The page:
2021 Finalists: The finalists this year include Donavon Smallwood with Languor, Christian K. Lee with Armed Doesn’t Mean Dangerous, and GOLDEN with On Learning How to Live.
About the Award: The Prize is funded by the Arnold and Augusta Newman Foundation and administered by Maine Media Workshops + College. The influential and revered photographer and educator, Arnold Newman, enjoyed a decades’ long association with Maine Media, where he taught numerous photographic workshops over the years. The Arnold and Augusta Newman Foundation has continued his legacy at the College, supporting scholarships, media production, a distinguished lecture series, and the prestigious Arnold Newman Prize in Photographic Portraiture–a cash prize of $20,000 accompanied by an exhibition awarded annually to a photographer whose work demonstrates a compelling new vision in photography.
About the Selection Process: Selected by a jury of world-renowned photographers Daniella Zalcman (2021 Catchlight Fellow, grantee of the Pulitzer Center on Crisis Reporting, a fellow with the International Women’s Media Foundation, a National Geographic Society grantee, and the founder of Women Photograph), Brent Lewis (co-founder of Diversify Photo, a photo editor at The New York Times, working on the Business Desk), and Lisa Volpe (Associate Curator, Photography at the Museum of Fine Arts, Houston), each juror brought to the selection process a unique perspective guided by distinguished insight, analysis, and integrity.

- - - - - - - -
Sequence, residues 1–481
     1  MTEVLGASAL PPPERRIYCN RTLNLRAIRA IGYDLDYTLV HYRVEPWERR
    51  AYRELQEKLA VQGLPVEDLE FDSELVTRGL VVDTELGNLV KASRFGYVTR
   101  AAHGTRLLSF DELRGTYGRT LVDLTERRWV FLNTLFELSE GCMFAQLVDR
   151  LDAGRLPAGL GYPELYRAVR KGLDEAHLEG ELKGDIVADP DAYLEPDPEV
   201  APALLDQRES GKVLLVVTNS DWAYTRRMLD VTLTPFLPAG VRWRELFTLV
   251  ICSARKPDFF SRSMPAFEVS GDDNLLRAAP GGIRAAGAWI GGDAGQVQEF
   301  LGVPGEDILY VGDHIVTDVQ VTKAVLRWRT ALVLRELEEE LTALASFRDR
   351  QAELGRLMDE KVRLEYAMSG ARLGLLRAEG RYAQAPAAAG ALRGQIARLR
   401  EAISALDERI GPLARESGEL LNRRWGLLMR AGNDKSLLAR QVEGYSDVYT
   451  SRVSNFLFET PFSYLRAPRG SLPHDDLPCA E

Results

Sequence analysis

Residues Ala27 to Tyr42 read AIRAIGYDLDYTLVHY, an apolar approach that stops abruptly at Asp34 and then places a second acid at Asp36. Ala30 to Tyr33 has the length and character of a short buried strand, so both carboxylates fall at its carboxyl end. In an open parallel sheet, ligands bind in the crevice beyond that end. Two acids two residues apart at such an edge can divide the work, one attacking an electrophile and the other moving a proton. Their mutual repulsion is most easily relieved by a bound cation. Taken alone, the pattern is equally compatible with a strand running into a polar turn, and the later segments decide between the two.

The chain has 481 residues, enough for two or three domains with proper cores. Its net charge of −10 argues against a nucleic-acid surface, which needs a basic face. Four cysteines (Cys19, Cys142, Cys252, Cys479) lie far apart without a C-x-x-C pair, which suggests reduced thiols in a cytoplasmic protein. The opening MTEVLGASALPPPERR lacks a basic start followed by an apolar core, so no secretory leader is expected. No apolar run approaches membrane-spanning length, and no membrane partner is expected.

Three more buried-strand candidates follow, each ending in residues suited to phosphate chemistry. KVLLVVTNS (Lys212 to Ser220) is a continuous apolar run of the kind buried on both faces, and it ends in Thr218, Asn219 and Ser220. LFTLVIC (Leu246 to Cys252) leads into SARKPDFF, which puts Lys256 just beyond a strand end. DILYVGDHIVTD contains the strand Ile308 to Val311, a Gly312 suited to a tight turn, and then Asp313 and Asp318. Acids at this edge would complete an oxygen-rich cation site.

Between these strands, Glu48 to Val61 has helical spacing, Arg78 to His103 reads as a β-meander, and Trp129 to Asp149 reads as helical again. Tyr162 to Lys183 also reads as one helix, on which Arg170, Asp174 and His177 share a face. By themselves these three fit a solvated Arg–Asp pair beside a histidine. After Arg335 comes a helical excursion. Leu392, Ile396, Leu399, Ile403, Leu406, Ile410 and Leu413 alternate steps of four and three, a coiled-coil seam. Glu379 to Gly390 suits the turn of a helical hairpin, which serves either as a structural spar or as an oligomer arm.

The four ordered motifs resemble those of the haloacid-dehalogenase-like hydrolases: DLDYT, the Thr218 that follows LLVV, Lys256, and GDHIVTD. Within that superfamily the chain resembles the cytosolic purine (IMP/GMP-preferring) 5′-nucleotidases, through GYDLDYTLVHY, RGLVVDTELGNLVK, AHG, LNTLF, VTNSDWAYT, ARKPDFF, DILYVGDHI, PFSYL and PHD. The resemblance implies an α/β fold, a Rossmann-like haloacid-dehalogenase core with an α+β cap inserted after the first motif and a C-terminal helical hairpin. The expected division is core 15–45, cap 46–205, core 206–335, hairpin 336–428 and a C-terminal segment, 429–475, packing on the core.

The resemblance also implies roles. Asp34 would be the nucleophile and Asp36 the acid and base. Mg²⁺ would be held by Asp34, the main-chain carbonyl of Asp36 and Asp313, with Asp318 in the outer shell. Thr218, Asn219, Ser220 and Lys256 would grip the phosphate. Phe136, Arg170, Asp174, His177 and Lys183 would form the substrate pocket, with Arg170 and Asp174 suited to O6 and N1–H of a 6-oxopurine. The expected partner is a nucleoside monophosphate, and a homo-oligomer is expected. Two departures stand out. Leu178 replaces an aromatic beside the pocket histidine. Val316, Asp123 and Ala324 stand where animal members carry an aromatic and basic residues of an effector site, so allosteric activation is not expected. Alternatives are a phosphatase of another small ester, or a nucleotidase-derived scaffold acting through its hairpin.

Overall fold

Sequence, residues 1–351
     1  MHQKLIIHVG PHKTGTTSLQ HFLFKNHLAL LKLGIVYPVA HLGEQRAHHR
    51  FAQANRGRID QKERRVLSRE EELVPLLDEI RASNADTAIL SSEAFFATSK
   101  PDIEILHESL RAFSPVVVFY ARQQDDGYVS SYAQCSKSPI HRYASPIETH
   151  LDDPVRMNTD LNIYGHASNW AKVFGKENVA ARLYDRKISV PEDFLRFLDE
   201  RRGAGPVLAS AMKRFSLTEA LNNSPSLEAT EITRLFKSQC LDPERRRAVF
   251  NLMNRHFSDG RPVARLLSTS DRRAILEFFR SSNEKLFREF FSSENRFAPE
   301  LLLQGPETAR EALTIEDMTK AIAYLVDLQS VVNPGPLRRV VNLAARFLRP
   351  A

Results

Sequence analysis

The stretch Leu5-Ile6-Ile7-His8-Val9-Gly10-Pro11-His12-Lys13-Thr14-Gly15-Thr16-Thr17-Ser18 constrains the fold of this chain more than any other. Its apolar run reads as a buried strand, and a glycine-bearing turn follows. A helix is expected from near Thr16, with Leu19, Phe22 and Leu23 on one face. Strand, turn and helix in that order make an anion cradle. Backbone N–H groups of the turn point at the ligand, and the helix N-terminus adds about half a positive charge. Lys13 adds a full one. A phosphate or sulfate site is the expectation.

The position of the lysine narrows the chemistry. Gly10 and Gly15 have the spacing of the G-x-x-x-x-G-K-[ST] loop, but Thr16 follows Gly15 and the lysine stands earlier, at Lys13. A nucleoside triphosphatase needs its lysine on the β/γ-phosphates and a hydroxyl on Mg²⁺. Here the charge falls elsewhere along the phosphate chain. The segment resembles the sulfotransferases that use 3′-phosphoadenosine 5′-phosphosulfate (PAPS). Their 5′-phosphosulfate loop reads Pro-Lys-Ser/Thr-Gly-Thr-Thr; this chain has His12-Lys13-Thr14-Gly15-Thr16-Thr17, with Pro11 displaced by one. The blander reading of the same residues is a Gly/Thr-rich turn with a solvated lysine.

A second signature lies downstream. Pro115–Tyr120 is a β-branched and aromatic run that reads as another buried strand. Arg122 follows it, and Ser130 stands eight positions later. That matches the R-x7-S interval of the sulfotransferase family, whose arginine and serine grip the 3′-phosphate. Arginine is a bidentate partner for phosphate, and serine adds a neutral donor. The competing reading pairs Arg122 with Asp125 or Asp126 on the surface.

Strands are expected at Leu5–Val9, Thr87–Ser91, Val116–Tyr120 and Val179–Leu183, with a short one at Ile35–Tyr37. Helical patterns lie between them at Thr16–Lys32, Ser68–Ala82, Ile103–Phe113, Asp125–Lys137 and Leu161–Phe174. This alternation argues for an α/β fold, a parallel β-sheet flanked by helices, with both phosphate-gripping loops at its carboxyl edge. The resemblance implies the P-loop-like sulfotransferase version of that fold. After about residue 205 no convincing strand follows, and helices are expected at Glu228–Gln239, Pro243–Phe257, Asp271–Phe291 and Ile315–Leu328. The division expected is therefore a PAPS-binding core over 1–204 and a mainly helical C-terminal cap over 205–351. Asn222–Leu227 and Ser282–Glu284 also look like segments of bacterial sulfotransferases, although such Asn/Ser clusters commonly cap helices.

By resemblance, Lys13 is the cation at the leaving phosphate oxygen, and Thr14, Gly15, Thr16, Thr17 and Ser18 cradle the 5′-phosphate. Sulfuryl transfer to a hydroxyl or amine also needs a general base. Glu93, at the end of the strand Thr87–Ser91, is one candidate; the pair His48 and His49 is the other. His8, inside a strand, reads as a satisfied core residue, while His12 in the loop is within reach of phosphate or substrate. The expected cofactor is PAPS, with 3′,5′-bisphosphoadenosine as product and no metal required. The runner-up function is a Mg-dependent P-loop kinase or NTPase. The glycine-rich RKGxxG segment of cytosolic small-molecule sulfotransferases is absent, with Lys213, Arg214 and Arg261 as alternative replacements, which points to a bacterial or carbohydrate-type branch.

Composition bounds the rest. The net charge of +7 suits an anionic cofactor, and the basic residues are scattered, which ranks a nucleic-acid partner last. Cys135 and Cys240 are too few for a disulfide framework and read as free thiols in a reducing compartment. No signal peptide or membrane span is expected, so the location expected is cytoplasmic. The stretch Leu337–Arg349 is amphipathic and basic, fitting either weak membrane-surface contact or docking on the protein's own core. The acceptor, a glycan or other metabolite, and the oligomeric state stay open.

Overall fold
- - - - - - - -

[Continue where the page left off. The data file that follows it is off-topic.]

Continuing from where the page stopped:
About the Exhibition: The Griffin Museum of Photography will exhibit Taylor’s award-winning work, as well as that of the finalists, from October 5 through 24. On October 7, the awards ceremony and reception will take place.